Do independent director norms need review? ‘Not really,’ says Sebi chief
With the role of independent directors coming into focus amid the Tata-Mistry row, markets watchdog Sebi’s Chairman U K Sinha on Thursday said there were “no compelling” reasons to review the norms regulating such board members.
“The appointments, sacking and role of independent directors is prescribed in the Companies Act as well as Sebi regulations. Sebi regulations in this regard are more tighter than those under Companies Act,” Sinha told reporters on the sidelines of AIBI summit on ‘Indian capital markets’.
“There is always need to review norms. But at this stage I don’t see any compelling need to review them,” he said.
The comments come in the back drop of heated debate on the role of independent directors in the Tata-Cyrus Mistry row wherein the conglomerate has moved a proposal to remove Nusli Wadia, an independent director, from the board of atleast three group companies. The Tata Sons’ move came in response to independent directors supporting Cyrus Mistry, and the issue has also raised question marks over the independence of such directors in voicing their views.
Asked about listing of domestic stock exchanges in the overseas market as proposed by the National Stock Exchange (NSE), Sinha said “an exchange in India as per our regulations cannot list outside India”.
On progress in options trading in commodities, he noted that “this a new area and the first thing for all members of the advisory committee is how do we initiate a system where risk parameters are fully taken care of”. “And we also have to ensure that the risk parameters are of highest world standards. This is a complex task and Sebi will be looking at all the views and then finally taking a call,” Sinha said.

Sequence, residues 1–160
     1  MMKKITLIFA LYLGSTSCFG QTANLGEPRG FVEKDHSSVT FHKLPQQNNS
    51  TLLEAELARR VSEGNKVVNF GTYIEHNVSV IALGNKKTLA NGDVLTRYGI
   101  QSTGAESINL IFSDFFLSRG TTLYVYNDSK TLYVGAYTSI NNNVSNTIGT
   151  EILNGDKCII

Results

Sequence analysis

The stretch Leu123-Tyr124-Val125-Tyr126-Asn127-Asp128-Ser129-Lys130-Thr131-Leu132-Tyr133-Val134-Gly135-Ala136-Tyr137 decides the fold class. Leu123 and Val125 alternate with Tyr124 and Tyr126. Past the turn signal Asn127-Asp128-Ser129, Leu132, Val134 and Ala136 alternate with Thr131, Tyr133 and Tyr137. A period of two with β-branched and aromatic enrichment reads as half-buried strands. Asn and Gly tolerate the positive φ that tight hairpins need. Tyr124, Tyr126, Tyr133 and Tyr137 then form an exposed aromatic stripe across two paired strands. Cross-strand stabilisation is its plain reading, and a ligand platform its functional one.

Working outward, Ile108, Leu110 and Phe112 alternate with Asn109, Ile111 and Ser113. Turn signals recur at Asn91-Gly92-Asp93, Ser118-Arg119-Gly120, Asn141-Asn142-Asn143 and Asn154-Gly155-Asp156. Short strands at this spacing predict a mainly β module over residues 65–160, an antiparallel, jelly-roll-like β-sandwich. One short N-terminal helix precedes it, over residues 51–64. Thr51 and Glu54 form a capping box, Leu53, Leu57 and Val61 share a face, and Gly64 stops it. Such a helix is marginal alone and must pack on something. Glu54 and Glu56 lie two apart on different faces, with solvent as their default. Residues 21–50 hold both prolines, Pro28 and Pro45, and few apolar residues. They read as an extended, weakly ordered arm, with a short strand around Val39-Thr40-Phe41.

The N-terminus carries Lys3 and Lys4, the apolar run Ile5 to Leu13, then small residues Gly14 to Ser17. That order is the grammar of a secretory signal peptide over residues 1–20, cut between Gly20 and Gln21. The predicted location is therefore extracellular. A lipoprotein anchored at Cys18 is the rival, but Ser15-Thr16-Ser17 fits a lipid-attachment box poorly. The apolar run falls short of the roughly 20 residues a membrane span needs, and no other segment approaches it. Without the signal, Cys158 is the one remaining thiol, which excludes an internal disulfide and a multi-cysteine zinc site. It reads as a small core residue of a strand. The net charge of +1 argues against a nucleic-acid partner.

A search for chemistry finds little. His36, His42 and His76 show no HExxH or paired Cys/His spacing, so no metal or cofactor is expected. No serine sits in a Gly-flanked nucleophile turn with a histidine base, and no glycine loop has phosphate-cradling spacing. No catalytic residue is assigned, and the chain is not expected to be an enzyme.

In a major push to deepen the commodity derivative markets, the Sebi had in September allowed options trading.
With the primary markets showing strong revival on conducive regulatory norms, Sebi chairman UK Sinha on Thursday said NRIs have begun to show interest to tap the domestic capital markets to raise funds.
Sinha noted that the number of IPO issuances in the last three years and the amount raised is going up in a healthy manner, helped by stringent disclosure norms issued by the Sebi. Observing that the IPO pipeline going forward seems strong, he said only 11 IPO filings are pending with the Securities and Exchange Board now.
“Many NRIs, especially those in the Gulf countries, are looking for listing their companies on the domestic bourses rather than going to other parts of the world,” Sinha said at a summit organised by the Association of Investment Bankers of India (AIBI).
According to him, while 17 out of the 25 companies which launched their initial share sales in the current fiscal are trading above the issue price, there is a need to analyse the reason behind why the remaining eight companies are trading below the issue price.
“The balance eight issues even, when they were oversubscribed in the IPOs, are still trading below the issue price. We need to look at if there is something missing and is there something wrong in the system,” he said.
Noting that the SME IPOs are also gaining momentum, he said, “The experiment of SME listing has been successful. We have seen almost 200 companies have got listed on the SME platforms of the BSE and NSE, and I believe another 200 companies are lined up.”
However, the Sebi chief expressed disappointment that not a single startup has approached the regulator for listing on the exchanges even as it has come out with relaxed norms for such companies.
Sinha observed that while various suggestions have come forward with regard to promote listings of start ups, many of them are “ornamental” in nature.